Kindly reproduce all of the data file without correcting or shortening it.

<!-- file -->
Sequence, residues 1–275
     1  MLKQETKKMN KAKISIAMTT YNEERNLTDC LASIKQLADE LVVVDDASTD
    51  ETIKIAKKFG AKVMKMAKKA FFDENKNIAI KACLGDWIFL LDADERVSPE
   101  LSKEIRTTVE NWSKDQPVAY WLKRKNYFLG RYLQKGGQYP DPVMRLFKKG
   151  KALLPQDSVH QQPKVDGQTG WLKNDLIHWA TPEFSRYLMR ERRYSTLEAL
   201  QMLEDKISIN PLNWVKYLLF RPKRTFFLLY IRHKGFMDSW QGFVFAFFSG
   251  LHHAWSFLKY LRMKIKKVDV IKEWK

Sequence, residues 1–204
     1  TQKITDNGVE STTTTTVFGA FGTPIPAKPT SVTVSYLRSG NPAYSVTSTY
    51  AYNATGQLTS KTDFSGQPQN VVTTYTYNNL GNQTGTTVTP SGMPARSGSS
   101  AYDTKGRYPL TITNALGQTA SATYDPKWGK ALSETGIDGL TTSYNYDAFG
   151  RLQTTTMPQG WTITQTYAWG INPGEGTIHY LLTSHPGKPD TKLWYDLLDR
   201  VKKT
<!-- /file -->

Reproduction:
Sequence, residues 1–275
     1  MLKQETKKMN KAKISIAMTT YNEERNLTDC LASIKQLADE LVVVDDASTD
    51  ETIKIAKKFG AKVMKMAKKA FFDENKNIAI KACLGDWIFL LDADERVSPE
   101  LSKEIRTTVE NWSKDQPVAY WLKRKNYFLG RYLQKGGQYP DPVMRLFKKG
   151  KALLPQDSVH QQPKVDGQTG WLKNDLIHWA TPEFSRYLMR ERRYSTLEAL
   201  QMLEDKISIN PLNWVKYLLF RPKRTFFLLY IRHKGFMDSW QGFVFAFFSG
   251  LHHAWSFLKY LRMKIKKVDV IKEWK

Sequence, residues 1–204
     1  TQKITDNGVE STTTTTVFGA FGTPIPAKPT SVTVSYLRSG NPAYSVTSTY
    51  AYNATGQLTS KTDFSGQPQN VVTTYTYNNL GNQTGTTVTP SGMPARSGSS
   101  AYDTKGRYPL TITNALGQTA SATYDPKWGK ALSETGIDGL TTSYNYDAFG
   151  RLQTTTMPQG WTITQTYAWG INPGEGTIHY LLTSHPGKPD TKLWYDLLDR
   201  VKKT